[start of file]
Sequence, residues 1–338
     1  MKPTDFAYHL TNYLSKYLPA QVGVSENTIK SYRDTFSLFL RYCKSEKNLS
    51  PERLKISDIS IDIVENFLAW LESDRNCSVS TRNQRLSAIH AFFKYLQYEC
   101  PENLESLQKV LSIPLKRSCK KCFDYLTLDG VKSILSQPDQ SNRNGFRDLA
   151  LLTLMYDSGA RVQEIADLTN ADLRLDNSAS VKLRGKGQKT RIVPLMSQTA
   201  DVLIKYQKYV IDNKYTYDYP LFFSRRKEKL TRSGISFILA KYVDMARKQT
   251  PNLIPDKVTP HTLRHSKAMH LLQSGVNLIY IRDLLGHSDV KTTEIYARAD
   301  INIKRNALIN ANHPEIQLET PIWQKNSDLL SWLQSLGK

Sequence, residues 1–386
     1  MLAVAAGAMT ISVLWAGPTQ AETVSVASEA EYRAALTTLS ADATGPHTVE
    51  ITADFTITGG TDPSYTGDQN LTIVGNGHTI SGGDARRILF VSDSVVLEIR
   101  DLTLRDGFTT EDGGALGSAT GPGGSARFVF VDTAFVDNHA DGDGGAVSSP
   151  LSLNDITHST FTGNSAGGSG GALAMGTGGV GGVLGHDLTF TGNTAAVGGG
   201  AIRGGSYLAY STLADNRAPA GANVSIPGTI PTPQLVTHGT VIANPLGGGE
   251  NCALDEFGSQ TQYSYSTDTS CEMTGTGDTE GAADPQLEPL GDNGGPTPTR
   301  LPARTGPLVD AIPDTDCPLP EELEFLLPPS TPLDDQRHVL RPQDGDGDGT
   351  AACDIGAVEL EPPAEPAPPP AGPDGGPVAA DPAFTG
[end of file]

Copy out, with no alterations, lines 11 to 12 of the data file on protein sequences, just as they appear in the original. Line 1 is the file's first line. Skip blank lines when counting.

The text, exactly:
    51  ITADFTITGG TDPSYTGDQN LTIVGNGHTI SGGDARRILF VSDSVVLEIR
   101  DLTLRDGFTT EDGGALGSAT GPGGSARFVF VDTAFVDNHA DGDGGAVSSP